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Politics & The Coronavirus: Trump blocks Fauci from answering question about drug Trump is touting

Allyson Chiu

Standing at the microphone, Fauci opened his mouth — but before he could speak, the answer came out of Trump’s instead.
“Do you know how many times he’s answered that question?” Trump cut in. “Maybe 15.” Fauci keeps getting asked about it because Trump keeps promoting the treatment.
A tight smile stretched across Fauci’s face. His eyes, framed by a pair of wire-rimmed glasses, flicked quickly to Trump. He glanced back at the reporter, who was saying to the president, “The question is for the doctor. … He’s your medical expert, correct?”
Fauci’s smile, for just a moment, was all teeth now. Trump raised his finger sternly, telling the journalist, “You don’t have to ask the question,” and so Fauci didn’t answer it, and the news conference shuffled right along.
The unexpected interruption was an extraordinary moment even in this season of brash behavior exhibited by the president during his daily briefings. While Trump has been at odds with Fauci in the past, repeatedly clouding his administration’s public health messaging, the president has never shut down his top medical expert so abruptly and publicly before, intervening to keep him from answering. In other contexts, the president routinely calls on Fauci for medical questions.
But had he been permitted to speak, Fauci’s answer, which he’s given many times, likely would not have tempered Trump’s enthusiastic endorsement of the anti-malarial drug as a potential treatment for covid-19. Trump, advised by his lawyer Rudolph W. Giuliani, among others, has touted the drug for weeks.
Virtually every time, Fauci has warned that there is so far no definitive medical proof that the drug is an effective treatment and has cautioned that it is still being studied.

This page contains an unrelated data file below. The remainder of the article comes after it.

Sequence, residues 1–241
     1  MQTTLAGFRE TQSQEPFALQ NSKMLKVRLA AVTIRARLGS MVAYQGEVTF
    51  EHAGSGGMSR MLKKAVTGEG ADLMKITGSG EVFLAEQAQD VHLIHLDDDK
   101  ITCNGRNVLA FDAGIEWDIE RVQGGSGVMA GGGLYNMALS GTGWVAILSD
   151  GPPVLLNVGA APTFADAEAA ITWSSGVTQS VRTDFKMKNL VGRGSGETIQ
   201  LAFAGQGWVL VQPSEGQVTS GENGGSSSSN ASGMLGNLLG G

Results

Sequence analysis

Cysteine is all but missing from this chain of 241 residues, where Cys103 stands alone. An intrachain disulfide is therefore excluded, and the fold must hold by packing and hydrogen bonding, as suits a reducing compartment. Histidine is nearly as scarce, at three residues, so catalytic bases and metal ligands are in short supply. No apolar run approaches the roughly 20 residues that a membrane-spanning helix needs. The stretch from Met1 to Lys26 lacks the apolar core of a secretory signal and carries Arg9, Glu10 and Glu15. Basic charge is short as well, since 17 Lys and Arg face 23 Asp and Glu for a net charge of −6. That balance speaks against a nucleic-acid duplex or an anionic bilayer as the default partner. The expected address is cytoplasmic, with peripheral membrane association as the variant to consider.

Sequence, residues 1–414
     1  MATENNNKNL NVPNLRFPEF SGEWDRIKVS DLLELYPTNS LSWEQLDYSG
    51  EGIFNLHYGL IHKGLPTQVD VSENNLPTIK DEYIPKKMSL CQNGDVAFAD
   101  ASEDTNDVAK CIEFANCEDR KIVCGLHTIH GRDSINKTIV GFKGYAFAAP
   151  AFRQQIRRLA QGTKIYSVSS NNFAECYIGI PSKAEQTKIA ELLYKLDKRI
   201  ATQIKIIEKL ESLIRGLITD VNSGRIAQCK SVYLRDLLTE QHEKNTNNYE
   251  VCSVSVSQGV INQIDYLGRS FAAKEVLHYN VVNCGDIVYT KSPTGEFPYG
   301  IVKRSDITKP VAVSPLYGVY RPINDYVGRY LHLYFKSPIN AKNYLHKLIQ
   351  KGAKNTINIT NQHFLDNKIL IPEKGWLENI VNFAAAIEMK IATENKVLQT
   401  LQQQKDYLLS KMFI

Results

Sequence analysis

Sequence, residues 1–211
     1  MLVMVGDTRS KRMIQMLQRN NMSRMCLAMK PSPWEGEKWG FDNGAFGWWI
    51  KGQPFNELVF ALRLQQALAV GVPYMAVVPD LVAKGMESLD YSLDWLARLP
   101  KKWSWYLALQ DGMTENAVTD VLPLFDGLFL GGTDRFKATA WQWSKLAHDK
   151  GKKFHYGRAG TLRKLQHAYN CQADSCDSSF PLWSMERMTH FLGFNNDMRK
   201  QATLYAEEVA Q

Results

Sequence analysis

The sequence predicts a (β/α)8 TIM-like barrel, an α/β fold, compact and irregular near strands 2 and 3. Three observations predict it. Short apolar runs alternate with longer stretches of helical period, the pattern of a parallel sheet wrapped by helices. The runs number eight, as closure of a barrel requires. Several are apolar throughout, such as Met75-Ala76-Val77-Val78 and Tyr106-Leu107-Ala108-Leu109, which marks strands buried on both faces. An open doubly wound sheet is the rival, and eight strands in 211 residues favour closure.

“As I’ve said many times the data are really just at best suggestive,” Fauci said when asked about the drug’s potential to prevent coronavirus during an appearance on “Face the Nation” just hours before Sunday’s briefing. “There have been cases that show there may be an effect and there are others to show there’s no effect, so I think in terms of science, I don’t think we can definitely say it works.”
Separately, the president of the American Medical Association, Patrice Harris, told CNN anchor Wolf Blitzer on Sunday that she would not prescribe hydroxychloroquine if she had a coronavirus patient, cautioning against Trump’s “What do we have to lose?” rationale. The drug’s well-known side-effects can cause fatal heart problems in patients who are taking other drugs that affect the heart’s rhythm, such as anti-depressants, or who have existing heart issues.
“You could lose your life,” Harris said. “It’s unproven. And so certainly there are some limited studies, as Dr. Fauci said. But at this point, we just don’t have the data to suggest that we should be using this medication for covid-19.”
The different messaging about the drug from the president and his top medical expert sets up a potentially confusing clash of advice on the pandemic. Last week, the Food and Drug Administration gave emergency approval to the Trump administration’s plan to distribute millions of doses of anti-malarial drugs including hydroxychloroquine to covid-19 patients, despite the fact that no substantial clinical trials have been completed. Using its emergency powers, the agency reasoned that trying the unapproved treatment outweighed the risks.
Trump on Sunday said “we have no time” to do lengthy studies on the drug, saying he fears people may die without it and, “if it does work, it would be a shame if we didn’t do it early.” He told people they still needed a physician’s approval but that personally, “I’ve seen things that I sort of like."
“What do I know? I’m not a doctor. But I have common sense,” he added.
He has put more stock in hydroxychloroquine than Fauci and other leading medical experts, having previously described the drug as possibly one of “the biggest game changers in the history of medicine.”
But those optimistic statements have sharply contrasted with Fauci’s.
Fauci has repeatedly found himself tasked with trying to keep Trump’s statements rooted in fact — a role that often puts the scientist in the awkward position have having to publicly contradict the president.
“I can’t jump in front of the microphone and push him down,” Fauci said, referring to Trump. “Okay, he said it. Let’s try and get it corrected for the next time.”